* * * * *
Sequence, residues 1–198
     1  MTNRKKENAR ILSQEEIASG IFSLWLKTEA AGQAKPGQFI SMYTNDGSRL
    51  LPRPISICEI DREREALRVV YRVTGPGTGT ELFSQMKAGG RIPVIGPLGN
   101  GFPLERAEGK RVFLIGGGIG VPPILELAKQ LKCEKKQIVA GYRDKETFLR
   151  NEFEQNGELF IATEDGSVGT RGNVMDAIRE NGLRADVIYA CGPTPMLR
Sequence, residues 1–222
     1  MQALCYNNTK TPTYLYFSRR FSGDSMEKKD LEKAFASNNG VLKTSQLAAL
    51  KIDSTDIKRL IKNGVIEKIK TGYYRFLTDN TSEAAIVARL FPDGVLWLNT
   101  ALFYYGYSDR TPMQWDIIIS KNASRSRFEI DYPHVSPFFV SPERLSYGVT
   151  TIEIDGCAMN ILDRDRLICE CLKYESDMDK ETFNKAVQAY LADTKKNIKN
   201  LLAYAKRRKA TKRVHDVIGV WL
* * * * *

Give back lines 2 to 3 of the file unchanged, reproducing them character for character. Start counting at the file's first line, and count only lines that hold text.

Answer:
     1  MTNRKKENAR ILSQEEIASG IFSLWLKTEA AGQAKPGQFI SMYTNDGSRL
    51  LPRPISICEI DREREALRVV YRVTGPGTGT ELFSQMKAGG RIPVIGPLGN